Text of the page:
Analysis & Opinions - BitterLemons-International.org -- Middle East Roundtable

The Sparks That Light the Fires

| December 16, 2010

The flames in one of Israel's most beautiful areas were extinguished a week ago, but decades will be needed to restore the environmental devastation. Neither Israel nor the Middle East has decades to deal with its problems. The Middle East is smoldering, on the verge of a conflagration.

The good news is that Israel was given a badly needed wake-up call and its grossly insufficient firefighting capabilities will finally get a major upgrade. The bad news, as in 2006, is that the wake-up was needed to begin with and required numerous fatalities. Usually, only two or three people have to die before the government finally deals with some major danger, such as "red" roads or railroad crossings.

The even worse news is that we may badly need the improved firefighting and other civil preparedness capabilities in the coming years. In the three primary scenarios for military conflict in the coming years—a further round with Hizballah, a strike against Iran and renewed strife with the Palestinians—the home front is likely to be hit hard.

Hizballah now has approximately 45,000 rockets, a vast arsenal dwarfing the 13,000 it had in 2006, of which 4000 were actually fired. If a similar ratio is maintained next time, Israel could face a barrage of 15,000 rockets or more. If just some of these cause fires, the recent blaze may pale in comparison. The next round with Hizballah is probably just a question of timing; the current flap in Lebanon over the international investigative tribunal may provide the spark that lights that fire.

Significant international sanctions have been imposed on Iran. No one, however, the Obama administration included, truly believes that sanctions will stop Iran's nuclear program. Sometime in the next few years, we will face a moment of reckoning. Computer viruses and other means can delay this, but a military strike may still prove necessary and could cause massive retaliation against Israel. Further Iranian progress toward a bomb, let alone a declaration thereof, may provide the spark that lights that fire.

With the peace process deeply mired in a mutual lack of vision and leadership, renewed confrontation with the Palestinians may also be near. Some warn of a third intifada, probably an over-hyped threat; why should the Palestinians resort to such drastic means when one piece of charcoal, carelessly thrown in a forest, causes such destruction? An outrage committed by the radicals on either side, a single Qassam rocket that hits a school or playground, could provide the spark that lights that fire.

Various intra- and inter-Arab developments could do so as well, e.g., the ongoing Sunni-Shiite enmity, including the Sunni Arabs' deep fear of Iranian hegemony and nuclear weapons. Egypt and Saudi Arabia will soon face critical processes of succession, which could lead to domestic instability and even to their transformation into radical Islamist states. Both have large armies equipped with the very latest American weaponry, which could fall into radical hands, and Egypt could rejoin the war-fighting camp. Lebanon may still come apart. The West Bank and Gaza will likely remain divided for years, the PA may be taken over by Hamas, or collapse due to its own lack of legitimacy. Iraq may implode, or fragment, following the final American withdrawal. The future of the regimes in Iran, Pakistan, Afghanistan and Sudan is similarly unclear. The burgeoning populations of the region, including a huge youth bulge, are increasingly confronting the combustible mixture of an absence of economic opportunity, political freedom and social restrictions.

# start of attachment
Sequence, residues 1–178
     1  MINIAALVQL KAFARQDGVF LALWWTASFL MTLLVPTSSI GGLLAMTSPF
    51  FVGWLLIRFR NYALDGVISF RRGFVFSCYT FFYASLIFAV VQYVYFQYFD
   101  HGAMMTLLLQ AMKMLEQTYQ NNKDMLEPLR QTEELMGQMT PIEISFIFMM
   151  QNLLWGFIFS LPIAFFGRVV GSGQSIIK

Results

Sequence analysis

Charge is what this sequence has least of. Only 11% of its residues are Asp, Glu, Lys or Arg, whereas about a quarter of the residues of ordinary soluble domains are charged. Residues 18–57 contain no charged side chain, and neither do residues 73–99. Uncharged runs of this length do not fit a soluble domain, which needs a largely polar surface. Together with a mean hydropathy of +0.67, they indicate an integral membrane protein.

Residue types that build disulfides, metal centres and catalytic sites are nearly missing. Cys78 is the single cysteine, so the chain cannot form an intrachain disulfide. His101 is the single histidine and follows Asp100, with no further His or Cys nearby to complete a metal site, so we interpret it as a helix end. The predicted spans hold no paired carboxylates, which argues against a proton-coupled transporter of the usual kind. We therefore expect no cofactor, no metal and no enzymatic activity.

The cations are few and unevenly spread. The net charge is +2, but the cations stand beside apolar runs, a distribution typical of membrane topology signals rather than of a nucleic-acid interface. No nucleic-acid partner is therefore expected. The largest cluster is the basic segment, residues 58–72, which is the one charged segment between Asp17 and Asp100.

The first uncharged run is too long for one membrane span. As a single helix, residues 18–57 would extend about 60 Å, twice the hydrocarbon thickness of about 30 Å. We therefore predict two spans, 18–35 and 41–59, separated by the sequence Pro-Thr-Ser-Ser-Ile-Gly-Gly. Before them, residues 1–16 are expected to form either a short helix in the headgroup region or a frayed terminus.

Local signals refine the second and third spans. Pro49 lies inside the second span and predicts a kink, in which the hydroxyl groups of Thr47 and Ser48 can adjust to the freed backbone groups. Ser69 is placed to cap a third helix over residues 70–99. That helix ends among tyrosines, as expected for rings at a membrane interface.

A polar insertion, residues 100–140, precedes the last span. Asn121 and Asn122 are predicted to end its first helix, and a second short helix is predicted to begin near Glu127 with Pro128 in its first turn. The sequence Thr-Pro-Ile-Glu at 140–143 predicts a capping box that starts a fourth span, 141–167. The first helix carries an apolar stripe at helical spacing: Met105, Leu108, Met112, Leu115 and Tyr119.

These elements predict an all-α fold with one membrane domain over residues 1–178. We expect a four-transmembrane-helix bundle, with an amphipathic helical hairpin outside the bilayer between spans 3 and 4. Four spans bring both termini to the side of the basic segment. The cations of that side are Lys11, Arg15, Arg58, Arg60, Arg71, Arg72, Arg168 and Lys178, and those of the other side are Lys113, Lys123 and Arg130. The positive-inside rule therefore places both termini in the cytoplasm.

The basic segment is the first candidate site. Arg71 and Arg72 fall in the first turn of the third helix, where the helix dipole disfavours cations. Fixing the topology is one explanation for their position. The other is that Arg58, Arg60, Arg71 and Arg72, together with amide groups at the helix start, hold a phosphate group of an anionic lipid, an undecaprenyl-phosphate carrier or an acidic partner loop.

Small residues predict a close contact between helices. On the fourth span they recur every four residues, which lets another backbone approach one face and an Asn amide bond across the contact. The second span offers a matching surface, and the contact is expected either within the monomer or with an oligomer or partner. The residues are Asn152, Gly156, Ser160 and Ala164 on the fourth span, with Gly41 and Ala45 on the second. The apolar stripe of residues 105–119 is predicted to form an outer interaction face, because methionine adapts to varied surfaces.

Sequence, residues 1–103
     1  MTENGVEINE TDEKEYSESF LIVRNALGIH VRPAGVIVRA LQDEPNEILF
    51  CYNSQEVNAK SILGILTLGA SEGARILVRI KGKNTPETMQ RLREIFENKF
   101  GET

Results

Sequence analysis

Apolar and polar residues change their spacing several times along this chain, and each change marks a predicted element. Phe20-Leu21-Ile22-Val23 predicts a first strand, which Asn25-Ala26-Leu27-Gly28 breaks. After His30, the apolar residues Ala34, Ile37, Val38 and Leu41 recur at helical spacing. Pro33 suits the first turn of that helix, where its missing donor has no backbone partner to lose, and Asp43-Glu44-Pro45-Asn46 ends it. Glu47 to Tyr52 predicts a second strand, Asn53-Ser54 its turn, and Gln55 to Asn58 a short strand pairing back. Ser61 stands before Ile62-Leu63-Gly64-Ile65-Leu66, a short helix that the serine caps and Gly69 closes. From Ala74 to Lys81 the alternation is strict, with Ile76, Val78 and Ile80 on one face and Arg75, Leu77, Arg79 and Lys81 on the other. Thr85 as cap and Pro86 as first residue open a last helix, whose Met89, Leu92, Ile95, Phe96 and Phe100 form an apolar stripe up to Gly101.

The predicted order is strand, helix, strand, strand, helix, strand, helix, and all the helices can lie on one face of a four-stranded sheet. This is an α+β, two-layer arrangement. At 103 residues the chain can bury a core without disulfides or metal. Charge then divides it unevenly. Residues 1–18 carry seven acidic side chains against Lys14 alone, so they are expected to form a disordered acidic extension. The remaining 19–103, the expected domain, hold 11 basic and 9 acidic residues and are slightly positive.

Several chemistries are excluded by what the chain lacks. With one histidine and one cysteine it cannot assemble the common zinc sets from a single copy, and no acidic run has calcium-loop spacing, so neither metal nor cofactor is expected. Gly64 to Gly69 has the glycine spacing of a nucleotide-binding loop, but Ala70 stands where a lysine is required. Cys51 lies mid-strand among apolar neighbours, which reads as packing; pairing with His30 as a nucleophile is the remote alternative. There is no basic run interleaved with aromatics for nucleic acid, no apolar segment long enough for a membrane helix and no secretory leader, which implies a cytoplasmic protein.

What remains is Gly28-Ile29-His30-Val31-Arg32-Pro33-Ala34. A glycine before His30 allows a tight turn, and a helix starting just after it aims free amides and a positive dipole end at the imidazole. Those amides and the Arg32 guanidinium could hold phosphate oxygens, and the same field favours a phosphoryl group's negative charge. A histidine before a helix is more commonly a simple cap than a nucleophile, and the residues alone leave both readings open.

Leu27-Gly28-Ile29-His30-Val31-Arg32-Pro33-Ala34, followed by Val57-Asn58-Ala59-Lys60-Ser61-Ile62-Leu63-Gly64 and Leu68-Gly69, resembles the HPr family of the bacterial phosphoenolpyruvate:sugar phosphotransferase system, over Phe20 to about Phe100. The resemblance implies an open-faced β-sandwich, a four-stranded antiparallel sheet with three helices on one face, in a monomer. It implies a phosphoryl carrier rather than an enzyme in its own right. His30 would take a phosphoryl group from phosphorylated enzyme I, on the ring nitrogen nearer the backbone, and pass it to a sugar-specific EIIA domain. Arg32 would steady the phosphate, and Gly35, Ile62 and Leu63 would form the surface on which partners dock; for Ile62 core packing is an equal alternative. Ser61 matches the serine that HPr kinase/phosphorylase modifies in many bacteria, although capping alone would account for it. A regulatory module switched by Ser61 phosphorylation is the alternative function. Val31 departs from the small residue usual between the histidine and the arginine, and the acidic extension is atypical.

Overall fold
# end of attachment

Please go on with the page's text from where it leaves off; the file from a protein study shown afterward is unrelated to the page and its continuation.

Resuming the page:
The tragic fire in Israel almost begs the question; so what's new? Time and again, we encounter the same decision-making pathologies; the same focus on the immediate future, without long-term planning and preparations; ministries that operate as autonomous fiefdoms, rather than an integrative cabinet; coalition maintenance above all else; crisis management and improvisation. Decisions are taken but not implemented, such as 100 million shekels budgeted for firefighting half a year ago because "everyone knew" it was the weak link in emergency preparedness, but not allocated. Our leaders continually refuse to take responsibility.

In the absence of a concept, languages lack words. It is thus not entirely surprising that Hebrew lacks a recognized word for "accountability". Sticklers will note that a new word, "akhrayutiut", has begun making the rounds. Much like the concept itself, however, it has yet to take hold.

It is time for both Israel's leaders and the region's to be held accountable. We cannot afford too many more fires.

The only glimmer of hope is that the skeptics who view Israel as a "nation dwelling alone" in a hostile world were once again proven wrong. Eighteen countries, including Egypt, Jordan, Turkey and the Palestinians, sent emergency firefighting assistance. If and when we finally succeed in extinguishing the flames of the conflict, we will find that we have far more friends than we knew.

Chuck Freilich was a deputy national security advisor in Israel and is now a senior fellow at the Harvard Kennedy School and an adjunct professor at Harvard, NYU, Tel Aviv University and the Herzlia Interdisciplinary Center. His book on national security decision-making processes in Israel will be published in the coming months.

For more information on this publication: Belfer Communications Office
For Academic Citation: Freilich, Chuck.“The Sparks That Light the Fires.” BitterLemons-International.org -- Middle East Roundtable, December 16, 2010.